Saturday, January 23, 2016
The Philippine Clean Air Act
THE PHILIPPINE CLEAN AIR ACT
By Anton Antonio
January 24, 2016
News articles must always carry complete information about their particular subject matter. If it is about energy initiatives, the news article should clearly reflect the technology being used and the advantages and disadvantages too. Let’s take the following news article as an example. With a renewed awareness on environmental issues, people are more interested to know whether the new energy initiative is acceptable and environmentally sound. Please read…
“ECIJA TURNING INTO CAPITAL OF “GREEN” ENERGY IN PH
By: Anselmo Roque
January 21, 2016
SAN JOSE CITY – Businessmen in Nueva Ecija are investing billions of pesos in renewable energy plants to make the province the center of an industry that produces electricity with minimal impact on the environment. The frenzy to put up green energy plants was started by the San Jose City “i” Power Corp. (SJC-iPower). The company partnered with the Union Energy Corp., owned by businessman Lucio Co, to set up a P1.2-billion rice hull-powered system that is now generating 12 megawatts of electricity, 10.8 MW of which feed the Luzon grid. The SJC-iPower is building another rice hull facility in Barangay Tulat here. The firm buys about 300 tons of rice husk per day at P1 a kilogram. Joselito Blanco, chief operating officer of the V-Mars SolarEnergy Corp., said a power plant to be fuelled by bana grass will be built in Lupao, Nueva Ecija, about 15 km north of here. Bana grass, said Blanco, is similar to sugarcane. In nearby Talavera town, the power plant of Green Innovation for Tomorrow (Gift) is schedules to operate in two to three months. The plant in Barangay Bakal II will produce 10.8 MW of electricity for the Luzon grid. Pantabangan town hosts a hydroelectric plant which was completed in 1977, and the Pantabangan-Masiway hydroelectric plant. The plants’ combined output is 132.5 MW. In Rizal town, a mini-hydroelectric plant that can generate 10 MW of electricity is nearing completion.” (Inquirer)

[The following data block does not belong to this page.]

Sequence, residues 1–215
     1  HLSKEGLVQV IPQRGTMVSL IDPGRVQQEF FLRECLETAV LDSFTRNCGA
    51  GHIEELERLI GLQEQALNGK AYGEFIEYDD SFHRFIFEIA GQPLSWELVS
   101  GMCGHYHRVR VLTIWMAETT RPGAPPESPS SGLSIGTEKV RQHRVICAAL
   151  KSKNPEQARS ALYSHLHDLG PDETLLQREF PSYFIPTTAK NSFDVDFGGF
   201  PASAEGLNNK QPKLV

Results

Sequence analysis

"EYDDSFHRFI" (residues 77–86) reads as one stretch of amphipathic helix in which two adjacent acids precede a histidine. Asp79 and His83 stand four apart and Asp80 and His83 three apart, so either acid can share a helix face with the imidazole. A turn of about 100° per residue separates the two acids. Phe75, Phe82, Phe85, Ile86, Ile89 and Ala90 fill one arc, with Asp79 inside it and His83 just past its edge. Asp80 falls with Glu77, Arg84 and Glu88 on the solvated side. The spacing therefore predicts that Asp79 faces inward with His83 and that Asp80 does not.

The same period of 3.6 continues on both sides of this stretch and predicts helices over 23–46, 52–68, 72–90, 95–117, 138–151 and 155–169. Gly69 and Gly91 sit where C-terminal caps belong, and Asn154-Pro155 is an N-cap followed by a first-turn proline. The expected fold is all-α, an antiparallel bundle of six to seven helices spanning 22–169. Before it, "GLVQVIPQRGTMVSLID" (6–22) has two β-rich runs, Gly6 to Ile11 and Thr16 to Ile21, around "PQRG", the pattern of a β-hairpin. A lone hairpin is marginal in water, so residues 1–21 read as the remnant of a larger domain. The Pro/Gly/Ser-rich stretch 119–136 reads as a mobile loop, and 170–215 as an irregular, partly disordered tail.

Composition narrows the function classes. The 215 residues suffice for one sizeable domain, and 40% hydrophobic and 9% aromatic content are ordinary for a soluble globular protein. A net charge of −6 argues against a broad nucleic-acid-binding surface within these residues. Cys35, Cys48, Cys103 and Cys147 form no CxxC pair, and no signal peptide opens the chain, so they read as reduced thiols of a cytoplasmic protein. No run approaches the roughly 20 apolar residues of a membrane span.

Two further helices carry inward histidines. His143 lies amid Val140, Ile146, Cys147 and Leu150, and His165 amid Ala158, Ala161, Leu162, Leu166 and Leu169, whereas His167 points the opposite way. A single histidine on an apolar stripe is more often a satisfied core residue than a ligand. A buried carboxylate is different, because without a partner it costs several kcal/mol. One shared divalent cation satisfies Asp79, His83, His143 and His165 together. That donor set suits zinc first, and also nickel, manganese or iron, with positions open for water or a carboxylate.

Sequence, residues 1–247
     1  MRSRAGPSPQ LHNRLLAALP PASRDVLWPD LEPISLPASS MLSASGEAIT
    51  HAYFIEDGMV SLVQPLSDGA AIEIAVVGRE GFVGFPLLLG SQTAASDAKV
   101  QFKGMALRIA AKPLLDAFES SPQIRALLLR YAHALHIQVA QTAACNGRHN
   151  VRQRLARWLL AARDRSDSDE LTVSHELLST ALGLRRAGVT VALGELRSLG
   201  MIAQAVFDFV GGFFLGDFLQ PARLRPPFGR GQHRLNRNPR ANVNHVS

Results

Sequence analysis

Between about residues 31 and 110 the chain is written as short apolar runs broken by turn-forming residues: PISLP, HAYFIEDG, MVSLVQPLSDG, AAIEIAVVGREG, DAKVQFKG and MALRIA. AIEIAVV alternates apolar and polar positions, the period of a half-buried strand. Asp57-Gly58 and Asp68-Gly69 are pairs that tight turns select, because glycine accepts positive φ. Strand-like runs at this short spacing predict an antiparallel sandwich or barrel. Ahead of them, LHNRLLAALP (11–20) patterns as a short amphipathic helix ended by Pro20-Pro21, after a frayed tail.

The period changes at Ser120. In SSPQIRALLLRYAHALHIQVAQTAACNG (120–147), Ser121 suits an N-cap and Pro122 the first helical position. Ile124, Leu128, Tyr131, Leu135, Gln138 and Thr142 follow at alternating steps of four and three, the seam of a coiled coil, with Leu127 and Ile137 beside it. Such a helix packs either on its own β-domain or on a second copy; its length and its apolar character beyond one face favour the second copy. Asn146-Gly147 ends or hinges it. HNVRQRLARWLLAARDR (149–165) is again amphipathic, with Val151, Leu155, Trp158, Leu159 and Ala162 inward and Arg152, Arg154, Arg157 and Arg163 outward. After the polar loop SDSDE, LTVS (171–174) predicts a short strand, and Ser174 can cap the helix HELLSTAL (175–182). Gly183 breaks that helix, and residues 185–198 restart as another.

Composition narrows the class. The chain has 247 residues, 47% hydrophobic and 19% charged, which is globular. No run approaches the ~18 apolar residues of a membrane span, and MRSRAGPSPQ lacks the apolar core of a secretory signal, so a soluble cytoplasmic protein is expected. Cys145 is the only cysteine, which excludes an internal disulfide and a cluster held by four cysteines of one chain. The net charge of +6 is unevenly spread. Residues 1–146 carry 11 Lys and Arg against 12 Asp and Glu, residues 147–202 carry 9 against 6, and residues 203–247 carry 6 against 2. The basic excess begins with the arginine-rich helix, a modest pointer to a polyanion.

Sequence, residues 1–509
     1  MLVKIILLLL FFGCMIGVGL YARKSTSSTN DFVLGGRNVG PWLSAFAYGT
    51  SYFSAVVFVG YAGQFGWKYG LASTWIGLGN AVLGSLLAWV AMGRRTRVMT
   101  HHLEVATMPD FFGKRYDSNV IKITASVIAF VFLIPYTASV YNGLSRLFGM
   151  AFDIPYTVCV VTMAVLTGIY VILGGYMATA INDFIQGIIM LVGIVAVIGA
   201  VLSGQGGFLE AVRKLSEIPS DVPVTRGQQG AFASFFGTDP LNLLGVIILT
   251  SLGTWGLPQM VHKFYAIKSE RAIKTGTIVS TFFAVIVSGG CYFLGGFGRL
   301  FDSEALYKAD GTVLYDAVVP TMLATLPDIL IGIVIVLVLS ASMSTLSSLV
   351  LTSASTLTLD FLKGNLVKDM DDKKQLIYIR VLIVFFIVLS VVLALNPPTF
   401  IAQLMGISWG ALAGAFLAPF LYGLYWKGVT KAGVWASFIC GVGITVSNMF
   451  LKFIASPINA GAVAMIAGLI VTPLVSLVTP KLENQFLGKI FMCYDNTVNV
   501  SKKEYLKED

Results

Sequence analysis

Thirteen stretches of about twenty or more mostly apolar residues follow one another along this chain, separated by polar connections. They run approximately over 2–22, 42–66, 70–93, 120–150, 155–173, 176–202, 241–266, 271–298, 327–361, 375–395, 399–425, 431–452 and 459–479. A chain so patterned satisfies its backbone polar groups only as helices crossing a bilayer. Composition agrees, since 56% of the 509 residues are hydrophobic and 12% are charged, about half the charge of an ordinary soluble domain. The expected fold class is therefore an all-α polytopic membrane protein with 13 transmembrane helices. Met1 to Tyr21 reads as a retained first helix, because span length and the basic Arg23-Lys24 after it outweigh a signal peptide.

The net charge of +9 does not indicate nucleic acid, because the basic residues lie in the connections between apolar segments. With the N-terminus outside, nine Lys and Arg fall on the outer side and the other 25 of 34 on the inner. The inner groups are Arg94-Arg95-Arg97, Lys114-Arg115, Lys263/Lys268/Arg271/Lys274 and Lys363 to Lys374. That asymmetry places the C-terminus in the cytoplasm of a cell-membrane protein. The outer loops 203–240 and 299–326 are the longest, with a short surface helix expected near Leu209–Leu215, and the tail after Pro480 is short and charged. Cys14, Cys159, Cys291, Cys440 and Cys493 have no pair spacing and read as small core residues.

The use of the terms “renewable energy plants” and “green energy plants” in this news item is quite deceiving. “Renewable” and “green” energy, in this particular case, are environmental initiatives that use furnaces in the energy production process. The burning of rice hull and bana grass will certainly produce pollution in the atmosphere. The reference to hydroelectric power , at the end of the article, seems to dilute the original subject which is green and renewable plants being established in Nueva Ecija. Besides, establishing a bana grass plantation in Talavera will only put more pressure on food security.
News reports are primarily intended to educate and inform the public… therefore; (a) What is this technology all about? (b) What is the production process? (c) What are the inputs necessary? (d) What are the socio-economic benefits? (e) Is this initiative sustainable? (f) What are the environmental impacts of this initiative?... and a bunch of other relevant questions. Another question that this news item failed to answer is: Are these Nueva Ecija energy initiatives violative of Republic Act No. 8749, otherwise known as the Philippine Clean Air Act?
Thoughts to promote positive action…
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Inquirer.net, (2016). “Ecija Turning into Capital of Green Energy in PH”. Retrieved on January 24, 2016 from http://newsinfo.inquirer.net/757321/ecija-turning-into-capital-of-green-energy-in-ph